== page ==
Here at Barrita…

We like to grow in an inorganic way. This is most obvious in our choice of media. From flask we use only fine grade styrene and a little charcoal. Like most epiphytic orchids, Epidendrum benefit from exceptional air movement in the root zone. Having a media that dries quickly allows us to water often. As water is applied from above it drags fresh air down into the pot giving the plant a good freshen up. Each time we water we fertilise at a very low concentration. Lower concentrations are more readily available to your plant than stronger amounts of fertilizer. We have developed our own blend of fertiliser over many years which contains an excellent ration of the essential nutrients. As our plants grow up and need potting on, we move them into a coarser styrene to allow faster drying. Even in our high-watering environment, even fine styrene holds to much moisture for a mature epiphytic plant. In the last year we have trailed the addition of a little coarse bark to assist in the availability of our fertilizer.


We like to give our plants maximum light, after all light equals flowers, and it seems to us that Epis love light. This equates to clear plastic in winter and fifty percent shade in summer. I would prefer to have hard, light olive coloured leaves on our plants than have dark green ones.


We don’t heat our plants, although at Cal-Orchid they do. It is interesting to observe the way some of the plants increase anthocyanin (which reddens the leaves) as the temperature starts to drop in Autumn. While this doesn’t seem to have a long-term effect on the plant, it may be that some cultivars are less suited to cooler climates. Even in the same cross we see one plant with red leaves and its sibling beside it not showing any change in colour. The addition of heat is of benefit when you want to speed up flowering.


Tips for growing your Epis at home…

Based on our own experiences in the nursery, here’s some tips we believe will help you get the best from our Epidendrums.

  1. If you choose to grow it in a pot, use an open media. Our plants are not as “wild” as the garden variety Epi and are not recommended for ground growing. We use very open styrene and a little bark.
  2. Give them protection from extreme cold. Temperatures under 1 degree Celsius should be avoided.
  3. Plant will benefit from bright light, as much as possible without burning the leaves.
  4. All plant benefit from a regular application of fertilizer and Epies are no different. We recommend a balanced fertilizer, which is lower on nitrogen.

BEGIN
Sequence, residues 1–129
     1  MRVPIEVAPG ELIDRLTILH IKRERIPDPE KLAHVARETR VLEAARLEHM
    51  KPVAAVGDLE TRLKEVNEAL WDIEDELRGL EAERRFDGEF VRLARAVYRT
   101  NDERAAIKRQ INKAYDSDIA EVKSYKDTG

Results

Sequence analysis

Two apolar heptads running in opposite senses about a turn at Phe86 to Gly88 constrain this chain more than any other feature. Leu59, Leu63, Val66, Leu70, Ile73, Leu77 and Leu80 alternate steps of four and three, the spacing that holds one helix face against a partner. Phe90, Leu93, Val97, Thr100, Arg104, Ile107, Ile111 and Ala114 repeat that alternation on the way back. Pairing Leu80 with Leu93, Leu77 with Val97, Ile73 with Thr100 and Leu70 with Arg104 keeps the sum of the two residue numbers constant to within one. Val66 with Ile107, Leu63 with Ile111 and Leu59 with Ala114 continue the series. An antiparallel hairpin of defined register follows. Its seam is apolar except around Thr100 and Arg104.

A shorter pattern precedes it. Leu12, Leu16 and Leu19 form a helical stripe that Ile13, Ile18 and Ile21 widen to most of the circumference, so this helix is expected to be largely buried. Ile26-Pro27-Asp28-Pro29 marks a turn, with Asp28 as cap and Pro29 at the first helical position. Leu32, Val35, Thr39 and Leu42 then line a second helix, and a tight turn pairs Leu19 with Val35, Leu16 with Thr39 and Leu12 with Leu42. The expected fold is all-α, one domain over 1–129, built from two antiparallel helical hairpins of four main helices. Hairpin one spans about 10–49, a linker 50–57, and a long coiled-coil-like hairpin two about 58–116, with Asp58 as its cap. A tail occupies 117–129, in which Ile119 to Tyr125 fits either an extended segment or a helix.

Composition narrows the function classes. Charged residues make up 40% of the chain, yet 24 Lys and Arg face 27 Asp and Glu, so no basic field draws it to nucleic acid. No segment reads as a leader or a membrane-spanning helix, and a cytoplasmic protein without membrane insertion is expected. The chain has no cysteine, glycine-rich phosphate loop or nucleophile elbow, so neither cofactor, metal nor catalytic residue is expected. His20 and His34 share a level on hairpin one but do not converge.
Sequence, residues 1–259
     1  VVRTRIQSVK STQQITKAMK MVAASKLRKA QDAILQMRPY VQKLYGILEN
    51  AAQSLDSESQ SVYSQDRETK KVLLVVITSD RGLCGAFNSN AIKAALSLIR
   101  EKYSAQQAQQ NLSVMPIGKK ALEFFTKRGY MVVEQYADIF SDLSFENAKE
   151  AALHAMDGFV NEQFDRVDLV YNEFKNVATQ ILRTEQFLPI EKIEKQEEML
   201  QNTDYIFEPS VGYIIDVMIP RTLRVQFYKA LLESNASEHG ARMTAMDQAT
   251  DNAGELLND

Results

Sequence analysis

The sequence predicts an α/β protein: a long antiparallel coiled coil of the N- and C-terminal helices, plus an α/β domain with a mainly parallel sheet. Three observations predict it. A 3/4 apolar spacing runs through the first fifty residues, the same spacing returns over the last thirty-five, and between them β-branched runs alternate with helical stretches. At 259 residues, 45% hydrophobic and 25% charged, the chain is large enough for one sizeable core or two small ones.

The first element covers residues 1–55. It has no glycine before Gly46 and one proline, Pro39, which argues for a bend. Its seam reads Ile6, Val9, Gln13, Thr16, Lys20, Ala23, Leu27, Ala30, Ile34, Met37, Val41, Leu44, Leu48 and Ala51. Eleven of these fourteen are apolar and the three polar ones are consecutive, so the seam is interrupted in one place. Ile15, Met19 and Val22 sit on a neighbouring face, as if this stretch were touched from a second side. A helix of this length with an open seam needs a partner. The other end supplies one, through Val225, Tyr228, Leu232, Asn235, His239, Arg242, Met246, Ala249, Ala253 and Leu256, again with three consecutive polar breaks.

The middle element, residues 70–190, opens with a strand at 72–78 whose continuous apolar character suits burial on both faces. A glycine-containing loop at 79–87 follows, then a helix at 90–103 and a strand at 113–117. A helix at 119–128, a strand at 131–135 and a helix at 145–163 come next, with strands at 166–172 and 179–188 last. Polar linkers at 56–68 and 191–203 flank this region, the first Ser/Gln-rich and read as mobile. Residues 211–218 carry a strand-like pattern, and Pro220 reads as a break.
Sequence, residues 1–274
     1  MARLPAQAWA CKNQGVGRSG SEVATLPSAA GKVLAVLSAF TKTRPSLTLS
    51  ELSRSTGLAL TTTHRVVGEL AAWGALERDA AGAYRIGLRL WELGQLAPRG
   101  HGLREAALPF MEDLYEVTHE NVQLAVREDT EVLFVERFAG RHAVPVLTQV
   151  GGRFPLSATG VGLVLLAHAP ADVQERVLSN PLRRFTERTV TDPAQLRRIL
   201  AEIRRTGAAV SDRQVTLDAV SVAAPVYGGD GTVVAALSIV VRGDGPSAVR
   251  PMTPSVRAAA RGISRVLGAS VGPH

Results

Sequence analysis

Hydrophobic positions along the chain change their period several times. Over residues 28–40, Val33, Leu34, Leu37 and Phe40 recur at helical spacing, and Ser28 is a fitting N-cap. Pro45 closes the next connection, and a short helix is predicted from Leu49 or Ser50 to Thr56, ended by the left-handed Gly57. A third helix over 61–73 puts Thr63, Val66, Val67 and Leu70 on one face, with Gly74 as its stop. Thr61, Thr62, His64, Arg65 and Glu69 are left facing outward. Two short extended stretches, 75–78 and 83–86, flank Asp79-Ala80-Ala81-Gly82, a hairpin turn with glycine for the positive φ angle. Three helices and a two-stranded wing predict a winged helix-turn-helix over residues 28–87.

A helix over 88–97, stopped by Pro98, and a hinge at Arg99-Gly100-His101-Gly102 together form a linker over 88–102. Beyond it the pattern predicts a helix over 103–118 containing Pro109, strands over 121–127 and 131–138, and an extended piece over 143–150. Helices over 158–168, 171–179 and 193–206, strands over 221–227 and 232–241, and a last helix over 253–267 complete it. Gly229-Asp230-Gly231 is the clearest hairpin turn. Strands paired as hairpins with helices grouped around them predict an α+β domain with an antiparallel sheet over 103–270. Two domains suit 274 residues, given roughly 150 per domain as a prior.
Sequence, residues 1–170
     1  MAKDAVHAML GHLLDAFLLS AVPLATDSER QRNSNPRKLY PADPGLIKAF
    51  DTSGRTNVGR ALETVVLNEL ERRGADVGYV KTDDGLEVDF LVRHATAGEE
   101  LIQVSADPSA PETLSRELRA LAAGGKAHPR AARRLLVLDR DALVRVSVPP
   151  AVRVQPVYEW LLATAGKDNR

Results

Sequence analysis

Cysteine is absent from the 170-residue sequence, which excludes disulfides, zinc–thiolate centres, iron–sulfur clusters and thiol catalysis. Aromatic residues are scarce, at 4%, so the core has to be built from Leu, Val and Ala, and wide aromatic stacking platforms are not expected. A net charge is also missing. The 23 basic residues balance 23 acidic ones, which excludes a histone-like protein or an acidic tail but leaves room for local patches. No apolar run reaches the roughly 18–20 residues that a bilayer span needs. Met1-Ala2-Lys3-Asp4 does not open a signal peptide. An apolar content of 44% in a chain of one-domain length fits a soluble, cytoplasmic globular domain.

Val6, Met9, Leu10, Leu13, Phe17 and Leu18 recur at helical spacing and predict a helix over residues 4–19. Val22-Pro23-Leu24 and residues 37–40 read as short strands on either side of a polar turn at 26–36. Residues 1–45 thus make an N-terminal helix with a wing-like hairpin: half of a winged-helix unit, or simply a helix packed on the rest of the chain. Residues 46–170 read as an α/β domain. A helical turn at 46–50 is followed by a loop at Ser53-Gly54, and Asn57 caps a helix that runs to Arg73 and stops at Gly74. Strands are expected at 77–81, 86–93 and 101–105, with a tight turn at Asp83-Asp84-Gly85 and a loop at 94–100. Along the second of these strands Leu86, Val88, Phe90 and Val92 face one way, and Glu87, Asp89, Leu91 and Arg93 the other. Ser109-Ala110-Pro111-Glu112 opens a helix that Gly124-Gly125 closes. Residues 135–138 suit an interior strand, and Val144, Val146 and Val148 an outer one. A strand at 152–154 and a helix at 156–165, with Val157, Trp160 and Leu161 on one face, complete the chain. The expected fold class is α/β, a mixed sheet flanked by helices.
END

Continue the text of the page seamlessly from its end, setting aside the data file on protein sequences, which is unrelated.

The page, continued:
Growing Zygopetalums

Zygopetalums are easy to grow, reliable to flower and fragrant, making them one of the best choices for novice growers. On top of these appealing traits, the modern Zygopetalum is often a multi-generic hybrid, bred to be a compact plant with wonderful flower colouring.
We have grown Zygos on and off for a number of years in the same conditions as our cymbidiums. It’s worth noting however that while they enjoy a bright position they should not be placed in full sun, as too much light has a negative impact on their foliage.
Zygo’s do very well in our growing media (rockwool, perlite, styrene and charcoal) producing excellent root growth. Trials have shown they will also grow very well in straight styrene (See pictures below of the comparison).

This plant was deflasked in to our media of rockwool and perlite, as we would do for Cymbidiums and Sarcochilus. This media holds a little moisture all the time. As you can see the difference is clear, getting the moisture level right for a plant is crucial for maximum root growth and plant development. The roots on this plant are lush and totally active, this is how we want roots to look.

This plant was deflasked in to just styrene.This media suits the Epiphytes such as Cattleya or Epidendrum. This plant was one of the best plants in the batch, but it doesn't have the root development of those in our rockwool based media. Interestingly, all the plants in this media made bulbs quickly like this plant. Although the plants in the rockwool media that did make bulbs, made bigger bulbs than the best in styrene.

Watering plants is driven by the extent to which moisture is held in the media. Our media dries rapidly, so more frequent watering is required than when using organic-based mixes.